Noh Alam Shah's seven-goal haul in an 11-0 win over Laos in the group stage remains a competition record, but it was Fahrudin Mustafic who emerged as the hero of the final. Despite a 15-minute delay from the 83rd minute in the first leg of the final, as the Thais stormed off the pitch in protest of a penalty awarded against them, Mustafic held his nerve to convert from the spot when play finally resumed to seal 2-1 win that would go on to prove crucial.

2008: Cong Vinh inspires Vietnam to maiden crown

12 years after the competition first began, a third champion finally emerged in 2008 in the form of Vietnam -- even if they did not originally look like they might be serious contenders after finishing behind Thailand in Group B.

A 1-0 aggregate win over Singapore in the semifinals saw them move on to the decider, where a goal in each leg by star man Le Cong Vinh, including a 94th-minute strike in the second leg, would secure a 3-2 aggregate triumph over Thailand would seal his place in Vietnamese football folklore.

2010: Rajagobal leads Malaysia to the promised land

A year after he lead Malaysia's Under-23 side to a gold medal at the Southeast Asian Games, K. Rajagobal would retain his faith in youth as he took a talented but inexperienced outfit to the 2010 Suzuki Cup.

It would prove to be an inspired decisions as the young Tigers would go on to defeat Indonesia in the final to be crowned champions of Southeast Asia for the first time ever, although it was a relatively seasoned campaigner who proved inspirational as Safee Sali -- with only 20 caps to his name ahead of the tournament -- scored five of Harimau Malaya's six goals in the knockout stages.

2012: Singapore make history as first four-time champions

After playing catch-up with Thailand in the early years of the tournament, Singapore would go on to move ahead on the winners' list in 2012 as they became the first team to win four AFF titles.

A heroic 3-0 win over archrivals Malaysia in their opening match set the tone for what was to follow, which culminated in a 3-2 aggregate final victory over Thailand in what was effectively an outright duel for a place in tournament history as Avramovic signed off as Lions coach on a high.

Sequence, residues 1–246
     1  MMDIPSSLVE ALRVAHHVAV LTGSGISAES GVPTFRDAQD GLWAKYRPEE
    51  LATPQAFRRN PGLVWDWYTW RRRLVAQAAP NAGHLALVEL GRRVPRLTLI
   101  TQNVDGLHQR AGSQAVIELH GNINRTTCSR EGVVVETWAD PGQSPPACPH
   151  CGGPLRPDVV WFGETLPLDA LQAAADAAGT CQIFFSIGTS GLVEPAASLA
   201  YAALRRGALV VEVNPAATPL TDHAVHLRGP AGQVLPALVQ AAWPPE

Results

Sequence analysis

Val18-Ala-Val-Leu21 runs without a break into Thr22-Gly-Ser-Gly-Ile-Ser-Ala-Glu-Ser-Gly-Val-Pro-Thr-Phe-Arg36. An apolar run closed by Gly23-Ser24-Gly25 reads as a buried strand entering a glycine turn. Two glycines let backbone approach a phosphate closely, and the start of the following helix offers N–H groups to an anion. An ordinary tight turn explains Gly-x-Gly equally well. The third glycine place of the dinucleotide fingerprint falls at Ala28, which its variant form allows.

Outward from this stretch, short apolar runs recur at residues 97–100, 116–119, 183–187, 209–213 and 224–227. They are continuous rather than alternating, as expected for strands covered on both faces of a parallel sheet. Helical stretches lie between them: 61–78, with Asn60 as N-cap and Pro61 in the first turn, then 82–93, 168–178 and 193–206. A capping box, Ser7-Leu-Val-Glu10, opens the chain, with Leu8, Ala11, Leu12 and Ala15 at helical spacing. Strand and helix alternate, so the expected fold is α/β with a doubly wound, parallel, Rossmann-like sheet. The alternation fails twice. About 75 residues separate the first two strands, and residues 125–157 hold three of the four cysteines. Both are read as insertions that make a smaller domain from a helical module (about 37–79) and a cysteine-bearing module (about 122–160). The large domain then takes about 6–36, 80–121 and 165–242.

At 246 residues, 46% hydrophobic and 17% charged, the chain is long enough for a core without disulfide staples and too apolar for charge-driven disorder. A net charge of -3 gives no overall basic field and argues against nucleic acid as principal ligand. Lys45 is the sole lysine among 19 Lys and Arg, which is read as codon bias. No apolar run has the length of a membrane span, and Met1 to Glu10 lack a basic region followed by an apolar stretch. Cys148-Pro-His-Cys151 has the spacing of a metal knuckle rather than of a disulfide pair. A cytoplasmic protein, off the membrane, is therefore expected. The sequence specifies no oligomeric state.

2014: Kiatisuk wins it again -- this time from the dugout

In 2012, a teenage Chanathip Songkrasin was part of the Thailand squad to finished as runners-up behind Singapore but was largely restricted to the role of onlooker on the bench. Two years later, and still only 21, it was a far different story.

With Kiatisuk at the helm, the War Elephants would usher in a period of regional dominance with a fourth Suzuki Cup victory as Chanathip - who would win the competition's Most Valuable Player award - and Charyl Chappuis emerged as stars of the future.

2016: Chanathip emerges as Southeast Asia's finest once more

Just like Avramovic did before him with Singapore, Kiatisuk would become a back-to-back Suzuki Cup-winning coach as his star-studded side went on to claim a fifth Suzuki Cup for Thailand.

With prolific striker Teerasil Dangda, who had been absent in 2014, introduced into the squad, the Thais had an added element of threat in the final third as their spearhead did not disappoint with a tournament-leading six goals, although Chanathip was once again the standout as he claimed a second consecutive MVP trophy.

2018: Vietnam rise to the top

At a time when it looked like no one could rival Thailand, Vietnam -- boasting their own golden generation which first rose to prominence with a runners-up finish at the 2018 AFC U-23 Championship -- emerged as Southeast Asia's newest powerhouses.

With the wily Park Hang-seo at the helm, and mercurial playmaker Nguyen Quang Hai pulling the strings, the Vietnamese would go the entire campaign unbeaten as they won six out eight matches culminating in a 3-2 aggregate triumph over Malaysia in the final.